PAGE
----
In November 1972 he was jailed for two years at Aberdeen Sheriff's Court for indecently assaulting a 14-year-old boy.
On that occasion Field pounced on a young lad who was walking along a quiet country lane.
His victim was forced to strip from the waist down before Field molested him and then drove off.
In April 1982 he was fined for gross indecency at Oswestry Magistrates Court after fondling a 17-year-old boy.
In September 1983 at Shrewsbury Crown Court Field was jailed for four years after being convicted for two counts of buggery.
At Stafford Crown Court in June 1986 Field was jailed for four years for falsely imprisoning two teenagers.
THREATENED WITH A WHEELBRACE
The boys aged 13 and 16, were given a lift by the pervert, who threatened them with a wheelbrace and then forced them to remove their clothing. They escaped by jumping from the moving car.
By the mid 1990s scientific advances had made DNA technology so sophisticated that suspects could be traced from objects they had touched simply by the sweat they left behind.
In 1996 a sample from the crime scene was obtained and placed on the national database.
Field was well aware DNA could lead to his death behind bars and he had tried to live quietly in Solihull in the West Midlands.
He had not been arrested for 13 years when he was pulled over for drink driving on September 18, 1999 and the mouth swab he gave was matched to the 1996 sample.
Field was arrested at his home in Solihull on February 21 2001 and claimed to know nothing of the killing in three interviews.
But when he was charged with buggery he started to slowly confess and admitted murder in court.
TORTURED BY A KILLER AT LARGE
His arrest brought closure for Roy's surviving family who had been tortured by the knowledge that the killer had remained at large for so long.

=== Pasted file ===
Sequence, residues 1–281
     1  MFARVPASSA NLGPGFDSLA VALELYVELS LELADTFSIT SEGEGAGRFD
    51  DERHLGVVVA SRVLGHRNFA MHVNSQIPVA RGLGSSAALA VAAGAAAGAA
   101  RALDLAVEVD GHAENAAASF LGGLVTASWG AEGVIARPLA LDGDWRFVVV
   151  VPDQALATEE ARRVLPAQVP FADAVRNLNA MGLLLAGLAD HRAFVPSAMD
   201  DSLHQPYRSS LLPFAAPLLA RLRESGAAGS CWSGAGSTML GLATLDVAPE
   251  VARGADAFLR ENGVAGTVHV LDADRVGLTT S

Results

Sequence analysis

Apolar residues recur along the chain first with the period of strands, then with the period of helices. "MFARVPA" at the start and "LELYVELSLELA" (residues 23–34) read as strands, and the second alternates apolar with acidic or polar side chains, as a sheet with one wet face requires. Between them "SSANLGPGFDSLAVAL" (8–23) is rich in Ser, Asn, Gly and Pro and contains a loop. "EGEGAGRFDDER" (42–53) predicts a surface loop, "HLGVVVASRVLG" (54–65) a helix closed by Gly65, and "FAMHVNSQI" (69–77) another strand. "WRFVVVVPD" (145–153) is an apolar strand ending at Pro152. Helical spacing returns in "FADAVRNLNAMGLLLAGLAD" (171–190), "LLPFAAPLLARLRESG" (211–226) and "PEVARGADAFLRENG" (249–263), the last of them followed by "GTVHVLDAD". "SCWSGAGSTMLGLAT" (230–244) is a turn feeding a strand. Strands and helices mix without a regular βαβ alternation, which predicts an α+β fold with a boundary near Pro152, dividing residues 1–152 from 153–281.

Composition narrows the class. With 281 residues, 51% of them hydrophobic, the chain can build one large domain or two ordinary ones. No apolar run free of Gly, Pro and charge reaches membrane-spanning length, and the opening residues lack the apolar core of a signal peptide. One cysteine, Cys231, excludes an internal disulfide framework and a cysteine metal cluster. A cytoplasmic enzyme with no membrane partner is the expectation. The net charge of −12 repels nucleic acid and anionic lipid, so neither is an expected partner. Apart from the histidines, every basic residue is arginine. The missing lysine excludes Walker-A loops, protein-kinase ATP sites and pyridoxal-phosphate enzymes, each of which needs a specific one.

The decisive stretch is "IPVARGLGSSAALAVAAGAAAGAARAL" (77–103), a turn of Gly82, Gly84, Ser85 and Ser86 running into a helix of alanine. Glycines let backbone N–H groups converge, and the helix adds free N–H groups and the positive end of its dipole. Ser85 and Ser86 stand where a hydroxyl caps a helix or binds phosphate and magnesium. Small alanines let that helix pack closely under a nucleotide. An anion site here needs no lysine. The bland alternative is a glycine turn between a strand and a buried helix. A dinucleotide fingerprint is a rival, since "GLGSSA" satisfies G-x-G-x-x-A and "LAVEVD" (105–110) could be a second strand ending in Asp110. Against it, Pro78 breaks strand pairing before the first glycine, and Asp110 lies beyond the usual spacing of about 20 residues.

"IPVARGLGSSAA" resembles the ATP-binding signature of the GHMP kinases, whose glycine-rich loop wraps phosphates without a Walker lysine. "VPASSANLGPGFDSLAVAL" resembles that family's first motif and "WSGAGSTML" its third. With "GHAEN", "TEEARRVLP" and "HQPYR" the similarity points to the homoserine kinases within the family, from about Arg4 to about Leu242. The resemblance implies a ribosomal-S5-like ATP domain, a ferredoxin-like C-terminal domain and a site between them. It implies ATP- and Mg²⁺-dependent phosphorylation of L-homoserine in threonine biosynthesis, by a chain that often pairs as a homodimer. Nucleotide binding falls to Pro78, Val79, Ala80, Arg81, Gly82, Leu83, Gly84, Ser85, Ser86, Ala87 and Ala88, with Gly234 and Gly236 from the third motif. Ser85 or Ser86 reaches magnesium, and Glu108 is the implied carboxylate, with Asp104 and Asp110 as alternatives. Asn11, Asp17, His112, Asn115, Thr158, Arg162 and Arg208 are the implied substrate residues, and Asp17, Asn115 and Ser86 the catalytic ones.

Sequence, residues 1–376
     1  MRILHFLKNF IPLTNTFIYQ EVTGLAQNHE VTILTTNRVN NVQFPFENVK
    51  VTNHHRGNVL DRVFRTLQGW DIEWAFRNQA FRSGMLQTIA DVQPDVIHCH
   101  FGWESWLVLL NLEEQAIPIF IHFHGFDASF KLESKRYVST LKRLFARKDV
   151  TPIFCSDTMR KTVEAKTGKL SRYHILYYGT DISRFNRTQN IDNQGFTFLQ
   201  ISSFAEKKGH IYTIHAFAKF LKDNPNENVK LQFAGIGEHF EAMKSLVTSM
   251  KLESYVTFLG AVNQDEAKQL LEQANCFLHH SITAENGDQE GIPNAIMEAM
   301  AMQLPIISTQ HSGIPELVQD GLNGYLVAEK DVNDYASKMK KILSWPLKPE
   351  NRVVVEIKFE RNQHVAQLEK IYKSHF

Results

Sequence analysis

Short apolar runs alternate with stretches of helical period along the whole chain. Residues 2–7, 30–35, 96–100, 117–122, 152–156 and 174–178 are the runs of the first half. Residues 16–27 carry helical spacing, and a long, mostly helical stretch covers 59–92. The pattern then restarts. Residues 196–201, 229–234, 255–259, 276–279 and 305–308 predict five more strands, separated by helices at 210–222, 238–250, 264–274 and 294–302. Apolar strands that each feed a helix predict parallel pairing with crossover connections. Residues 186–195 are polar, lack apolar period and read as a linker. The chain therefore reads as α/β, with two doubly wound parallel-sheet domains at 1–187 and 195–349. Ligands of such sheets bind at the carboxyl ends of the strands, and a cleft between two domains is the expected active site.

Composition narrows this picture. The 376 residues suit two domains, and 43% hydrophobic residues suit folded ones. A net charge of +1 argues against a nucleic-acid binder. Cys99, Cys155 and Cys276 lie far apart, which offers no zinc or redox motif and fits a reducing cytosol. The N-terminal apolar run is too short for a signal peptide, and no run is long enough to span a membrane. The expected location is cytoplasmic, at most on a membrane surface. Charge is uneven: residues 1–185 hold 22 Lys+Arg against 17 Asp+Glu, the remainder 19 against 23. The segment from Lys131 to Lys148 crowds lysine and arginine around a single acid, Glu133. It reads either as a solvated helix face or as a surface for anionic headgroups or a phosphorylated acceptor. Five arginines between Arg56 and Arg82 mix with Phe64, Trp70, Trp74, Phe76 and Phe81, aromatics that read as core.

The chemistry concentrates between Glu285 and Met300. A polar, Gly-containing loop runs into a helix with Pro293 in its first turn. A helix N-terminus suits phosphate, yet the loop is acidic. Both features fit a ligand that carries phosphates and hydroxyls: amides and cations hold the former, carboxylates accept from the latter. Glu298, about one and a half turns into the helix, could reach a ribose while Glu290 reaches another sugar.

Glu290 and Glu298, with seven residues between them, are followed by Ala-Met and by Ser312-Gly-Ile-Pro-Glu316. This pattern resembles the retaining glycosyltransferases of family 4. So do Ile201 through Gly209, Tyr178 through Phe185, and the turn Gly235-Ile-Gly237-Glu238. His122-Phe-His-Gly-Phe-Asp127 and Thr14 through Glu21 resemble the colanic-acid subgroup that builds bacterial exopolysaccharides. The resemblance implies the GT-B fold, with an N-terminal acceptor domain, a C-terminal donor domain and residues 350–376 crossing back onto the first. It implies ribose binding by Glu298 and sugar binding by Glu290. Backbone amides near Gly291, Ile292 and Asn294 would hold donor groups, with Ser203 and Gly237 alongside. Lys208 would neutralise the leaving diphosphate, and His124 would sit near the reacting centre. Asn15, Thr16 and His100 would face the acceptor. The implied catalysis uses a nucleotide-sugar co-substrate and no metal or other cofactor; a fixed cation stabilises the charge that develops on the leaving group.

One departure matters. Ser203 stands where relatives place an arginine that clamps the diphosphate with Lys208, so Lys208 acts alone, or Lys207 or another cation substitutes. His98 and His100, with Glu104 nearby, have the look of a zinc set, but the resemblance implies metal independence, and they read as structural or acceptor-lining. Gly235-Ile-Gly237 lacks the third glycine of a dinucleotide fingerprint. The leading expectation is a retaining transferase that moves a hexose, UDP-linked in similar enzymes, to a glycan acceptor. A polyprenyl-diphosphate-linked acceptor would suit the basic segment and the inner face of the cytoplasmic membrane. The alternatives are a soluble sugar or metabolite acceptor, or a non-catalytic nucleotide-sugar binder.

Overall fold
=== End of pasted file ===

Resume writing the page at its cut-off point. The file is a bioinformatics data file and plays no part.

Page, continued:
Tragically both Roy's parents died before Field was caught.
When he was sentenced at the Old Bailey Judge Gerald Gordon told Field: 'This was the killing of a normal happy healthy boy - an act particularly obnoxious for all right minded people.
'But your crime goes much further than that. Having taken a just 14 year-old boy away in your car to satisfy your sexual desires you then committed forceful dreadful sexual acts.
'And shortly thereafter you strangled him, almost certainly with a rope.
'You dumped him in the boot of your car and returned home to your wife and young son.
Two days later you discarded his body.
'These acts and the consequences must have haunted his parents for the rest of their lives.
'The rest of his family and friends must still suffer for what you did.
Judge Gordon added: 'Modern science techniques have led to your conviction, and stand as a warning there are few if any hiding places for sexual and violent criminals from modern techniques.'
Speaking outside court Detective Superintendent Philip Doyle who was on the original inquiry said: 'The one regret is we did not catch him then to prevent him abusing all these other boys.'
The white haired detective said the case had remained with him during every day of his retirement.
'You never forget,' he said.